Everything with Lego 2K Drive seemed fun and fine, though I'd be remiss not to note the tingling sense of caution prompted by 2K's plans to sell further Lego customisation options down the road. There's around 1000 bricks available at launch, but further Lego kits will be made available to purchase. The game even has a sequence which introduces you to the cute monkey characters who will help you buy this stuff - and who are located all over the map, via a shop at each in-game garage (which are also, conveniently, the game's fast travel points). This may all end up perfectly fine, but I was warned off looking at the game's item shop to see for myself as it was apparently still under construction.

A press release I received after playing revealed more of the game's monetisation, which will include a season pass model via a "Drive Pass" which adds four season's worth of parts and themes - plus an additional biome - over the course of the game's "Year 1". The game will also be sold in several versions, with its £60 standard version (£50 on PC, Switch, PS4 and Xbox One) available alongside an Awesome Edition (£85) with the Year 1 Drive Pass included, alongside a new vehicle, flair and in-game minifigure. There's also the Awesome Rivals Edition (£100) which has all that and "multiple new vehicles" and minifigures.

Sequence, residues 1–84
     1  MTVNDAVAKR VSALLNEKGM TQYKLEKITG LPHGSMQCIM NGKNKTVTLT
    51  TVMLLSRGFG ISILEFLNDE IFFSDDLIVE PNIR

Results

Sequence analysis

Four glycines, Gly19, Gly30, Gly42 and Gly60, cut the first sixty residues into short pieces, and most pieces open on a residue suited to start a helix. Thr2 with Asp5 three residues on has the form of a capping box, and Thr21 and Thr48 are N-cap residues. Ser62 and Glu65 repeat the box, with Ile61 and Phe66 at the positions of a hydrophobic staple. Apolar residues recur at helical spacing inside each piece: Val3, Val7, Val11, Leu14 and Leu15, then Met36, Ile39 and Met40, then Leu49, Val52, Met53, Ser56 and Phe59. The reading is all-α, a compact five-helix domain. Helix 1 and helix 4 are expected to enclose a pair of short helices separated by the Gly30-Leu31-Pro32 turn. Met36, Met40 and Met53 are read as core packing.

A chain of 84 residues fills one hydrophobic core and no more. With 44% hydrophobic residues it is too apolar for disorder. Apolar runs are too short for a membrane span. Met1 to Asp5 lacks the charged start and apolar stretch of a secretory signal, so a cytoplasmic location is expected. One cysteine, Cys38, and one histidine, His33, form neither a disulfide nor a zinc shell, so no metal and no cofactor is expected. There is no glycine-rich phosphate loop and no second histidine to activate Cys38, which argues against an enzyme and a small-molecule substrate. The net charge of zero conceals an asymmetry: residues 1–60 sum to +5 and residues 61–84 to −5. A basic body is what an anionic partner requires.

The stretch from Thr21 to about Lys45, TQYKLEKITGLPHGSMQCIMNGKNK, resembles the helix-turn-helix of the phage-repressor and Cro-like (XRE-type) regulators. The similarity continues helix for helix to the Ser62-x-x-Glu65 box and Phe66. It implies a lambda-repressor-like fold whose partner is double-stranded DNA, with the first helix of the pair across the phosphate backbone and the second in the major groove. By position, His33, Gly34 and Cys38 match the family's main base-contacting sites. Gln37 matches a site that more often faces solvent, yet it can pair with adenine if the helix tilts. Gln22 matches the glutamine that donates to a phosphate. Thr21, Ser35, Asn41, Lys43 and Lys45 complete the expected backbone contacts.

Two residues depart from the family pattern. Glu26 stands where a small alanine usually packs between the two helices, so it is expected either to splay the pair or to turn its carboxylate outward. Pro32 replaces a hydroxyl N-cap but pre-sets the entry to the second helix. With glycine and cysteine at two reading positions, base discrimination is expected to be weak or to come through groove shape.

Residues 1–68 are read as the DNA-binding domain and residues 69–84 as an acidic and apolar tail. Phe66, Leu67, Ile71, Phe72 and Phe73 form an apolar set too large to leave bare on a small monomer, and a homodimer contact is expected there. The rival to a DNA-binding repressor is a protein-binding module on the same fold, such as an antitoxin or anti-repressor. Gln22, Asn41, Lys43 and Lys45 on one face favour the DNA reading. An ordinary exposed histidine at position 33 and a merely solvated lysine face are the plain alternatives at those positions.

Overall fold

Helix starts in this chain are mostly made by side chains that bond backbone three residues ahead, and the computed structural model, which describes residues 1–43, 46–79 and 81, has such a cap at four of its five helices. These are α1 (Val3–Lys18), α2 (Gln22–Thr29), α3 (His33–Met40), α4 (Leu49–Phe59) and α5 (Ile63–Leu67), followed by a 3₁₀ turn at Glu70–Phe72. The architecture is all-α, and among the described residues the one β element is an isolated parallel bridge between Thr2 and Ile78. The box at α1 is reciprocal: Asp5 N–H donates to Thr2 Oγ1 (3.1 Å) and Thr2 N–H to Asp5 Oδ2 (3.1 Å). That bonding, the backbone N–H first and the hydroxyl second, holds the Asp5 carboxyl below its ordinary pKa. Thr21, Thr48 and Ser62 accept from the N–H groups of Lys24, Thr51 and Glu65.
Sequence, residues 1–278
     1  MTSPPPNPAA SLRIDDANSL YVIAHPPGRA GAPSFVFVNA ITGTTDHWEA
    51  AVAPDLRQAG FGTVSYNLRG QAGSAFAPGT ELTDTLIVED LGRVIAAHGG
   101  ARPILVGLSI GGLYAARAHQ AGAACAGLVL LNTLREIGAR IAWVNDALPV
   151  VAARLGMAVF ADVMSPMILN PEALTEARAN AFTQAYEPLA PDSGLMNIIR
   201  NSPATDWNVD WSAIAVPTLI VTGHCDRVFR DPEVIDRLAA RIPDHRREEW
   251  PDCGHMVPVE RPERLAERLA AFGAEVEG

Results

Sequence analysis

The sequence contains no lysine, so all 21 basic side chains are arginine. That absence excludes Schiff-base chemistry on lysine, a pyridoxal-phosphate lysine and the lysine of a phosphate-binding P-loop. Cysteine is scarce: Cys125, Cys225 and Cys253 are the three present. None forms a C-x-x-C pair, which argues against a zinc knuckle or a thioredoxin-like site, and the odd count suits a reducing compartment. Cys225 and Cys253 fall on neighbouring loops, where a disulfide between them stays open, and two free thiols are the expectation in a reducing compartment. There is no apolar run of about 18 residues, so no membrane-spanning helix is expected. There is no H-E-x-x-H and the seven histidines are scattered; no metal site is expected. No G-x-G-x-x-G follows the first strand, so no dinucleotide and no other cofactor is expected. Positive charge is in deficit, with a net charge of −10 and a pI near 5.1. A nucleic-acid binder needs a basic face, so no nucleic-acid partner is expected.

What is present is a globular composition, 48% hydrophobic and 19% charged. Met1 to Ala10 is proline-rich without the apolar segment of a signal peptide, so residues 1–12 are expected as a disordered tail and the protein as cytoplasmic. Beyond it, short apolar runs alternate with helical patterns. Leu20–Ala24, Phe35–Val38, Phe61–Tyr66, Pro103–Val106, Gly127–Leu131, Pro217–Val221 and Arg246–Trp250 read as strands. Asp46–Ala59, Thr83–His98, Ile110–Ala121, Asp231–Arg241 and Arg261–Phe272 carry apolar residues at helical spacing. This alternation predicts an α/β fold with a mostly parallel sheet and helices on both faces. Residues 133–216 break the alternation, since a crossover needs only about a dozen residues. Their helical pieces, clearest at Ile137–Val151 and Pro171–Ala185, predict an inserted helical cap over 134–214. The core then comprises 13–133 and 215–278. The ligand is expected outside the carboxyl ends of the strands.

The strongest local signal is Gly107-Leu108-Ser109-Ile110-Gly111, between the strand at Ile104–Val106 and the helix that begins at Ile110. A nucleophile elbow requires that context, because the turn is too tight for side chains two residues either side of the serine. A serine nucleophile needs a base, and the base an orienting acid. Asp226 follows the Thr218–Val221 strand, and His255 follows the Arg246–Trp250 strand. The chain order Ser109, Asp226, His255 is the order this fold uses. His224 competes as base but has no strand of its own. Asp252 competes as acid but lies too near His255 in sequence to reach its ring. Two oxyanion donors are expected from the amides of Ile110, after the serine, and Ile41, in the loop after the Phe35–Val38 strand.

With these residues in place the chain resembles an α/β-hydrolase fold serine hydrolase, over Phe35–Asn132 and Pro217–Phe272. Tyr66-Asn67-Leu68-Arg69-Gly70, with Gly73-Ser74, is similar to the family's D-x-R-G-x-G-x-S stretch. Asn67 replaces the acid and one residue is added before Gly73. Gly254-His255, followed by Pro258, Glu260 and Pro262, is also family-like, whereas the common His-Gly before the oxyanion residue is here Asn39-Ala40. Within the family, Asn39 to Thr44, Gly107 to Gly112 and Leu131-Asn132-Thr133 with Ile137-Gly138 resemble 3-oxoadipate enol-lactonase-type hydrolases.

It's been over 25 years since those giant Lego pizzas first rolled across the road on Lego Island's racetrack and, in the years since, Lego has established itself as a major video game brand as well as a world-conquering toy company. Lego 2K Drive may not reinvent the wheel, but it's shaping up to be a slickly-made successor to the non-licensed Lego games of old.

About the Author
Tom Phillips avatar

Tom Phillips


Tom is Eurogamer's Editor-in-chief. He writes lots of news, some of the puns and makes sure we put the accent on Pokémon.